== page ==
Since Merlot ripens at least a week earlier than Cabernet, it is a "security grape" where rain is frequent at harvest. Merlot gives its best character in rocky, dry soil, but is quite versatile and responds better than Cabernet in clay and even in wet, cool climates. Because it blossoms early, the main concern of growers is coulure sensitivity from frost, rain or heat in the spring. Merlot berries are relatively thin and susceptible to sepsis.
It mainly gives red wines and some rose. It is vinified on its own, but it also participates in many blends by providing fruit and velvety tannins. In blind tastes, the characteristic orange color on the rim of the glass is what distinguishes it from Cabernet Sauvignon.
Merlot is a paraphrase of merle, which in French means a little blackbird. It has other names that arise from the areas where it is planted and is famous as St. Emilion, Pomerol, Fronsac, Côtes de Bourg and Blaye. This wonderful French variety is result of the crossing of Cabernet Franc and the endangered variety, Magdeleine Noire des Charentes.
In France, it is the number one variety in plantings and gives excellent Bordeaux wines either on its own or in combination with Cabernet Sauvignon. In fact, the right bank of Bordeaux consists mainly of Merlot. It is worth mentioning that the well-known and expensive Petrus (1000 €) is Merlot!
Apart from France, however, Merlot is quite widespread in Italy too, where it is the fifth most planted variety. In Tuscany it takes part in the Chianti blend and the famous Supertuscans! Merlot traveled to America in 1850 but no one seemed to notice it until the 1990s where it became a hit. So by 2003,there were over 50,000 hectares of Merlot, in California.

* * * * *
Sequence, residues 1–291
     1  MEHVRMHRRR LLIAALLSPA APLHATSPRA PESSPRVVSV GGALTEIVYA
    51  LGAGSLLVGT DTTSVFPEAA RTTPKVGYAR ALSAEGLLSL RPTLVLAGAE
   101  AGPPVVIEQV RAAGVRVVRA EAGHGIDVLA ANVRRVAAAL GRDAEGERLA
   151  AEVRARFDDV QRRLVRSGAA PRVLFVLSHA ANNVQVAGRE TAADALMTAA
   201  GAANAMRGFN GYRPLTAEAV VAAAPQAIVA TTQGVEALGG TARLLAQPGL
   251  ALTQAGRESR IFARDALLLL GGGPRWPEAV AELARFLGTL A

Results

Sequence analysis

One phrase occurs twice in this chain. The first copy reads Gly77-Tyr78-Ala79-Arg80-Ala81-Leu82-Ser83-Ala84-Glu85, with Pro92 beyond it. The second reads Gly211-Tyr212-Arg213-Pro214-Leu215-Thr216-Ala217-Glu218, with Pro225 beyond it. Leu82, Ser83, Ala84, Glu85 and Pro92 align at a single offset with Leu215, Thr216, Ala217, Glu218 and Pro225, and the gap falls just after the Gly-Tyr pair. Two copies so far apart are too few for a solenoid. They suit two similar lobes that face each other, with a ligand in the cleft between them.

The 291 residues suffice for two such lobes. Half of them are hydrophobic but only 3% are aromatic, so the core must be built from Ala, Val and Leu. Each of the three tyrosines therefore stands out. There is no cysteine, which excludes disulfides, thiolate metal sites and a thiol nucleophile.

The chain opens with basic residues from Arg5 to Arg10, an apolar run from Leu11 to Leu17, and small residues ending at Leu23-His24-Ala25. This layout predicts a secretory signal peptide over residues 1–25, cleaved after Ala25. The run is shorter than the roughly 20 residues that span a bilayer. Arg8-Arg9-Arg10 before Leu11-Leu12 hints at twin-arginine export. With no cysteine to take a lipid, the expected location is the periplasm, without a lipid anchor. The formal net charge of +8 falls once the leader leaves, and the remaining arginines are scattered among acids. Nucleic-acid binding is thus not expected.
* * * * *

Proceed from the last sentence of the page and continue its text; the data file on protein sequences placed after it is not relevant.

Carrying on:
The variety makes medium - bodied wines, with balanced acidity and moderate, velvet tannins. The color varies from medium to deep ruby with purple hues, when it is young. Maturation in oak barrels suits it, whether it is French or American, by giving it extra depth and complexity.
If I had to choose only 2 characteristic aromas for Merlot, then these would definitely be plum and chocolate. It has a strong character of black fruits such as cherry and berry, toffee notes, but also vegetal hints of olive or capsicum when it is plant in colder climates. By maturing in oak barrel it acquires notes of vanilla, sweet tobacco and mocha. By aging it develops an earthy character with notes of coffee, forest floor, mushroom and tar.
In its rose versions, it retains its Cherry-like character with more emphasis on its herbaceous substance and the notes of toffee.
Combination with food
Merlot is really a passe-par-tout for food. It can go well with many dishes of different styles and cuisines. It goes perfectly with light meats like pork and chicken with various sauces such as barbeque, teriyaki, hoisin. It loves juicy burgers with caramelized onions and brioche bread roll as it is round, with velvety tannins and balanced acidity but with plenty of fruit. You can pair it fit with a Peking duck or a roasted one but it will also be a perfect companion to a classic pork stew with prunes.
On the other hand it goes well with rich pasta dishes, for example with a tomato sauce with sausage and peppers or even with pastitsio. For the end I will leave the better and most simple pairing: pizza! Merlot is an "easygoing" and soft wine that everyone loves, just like pizza!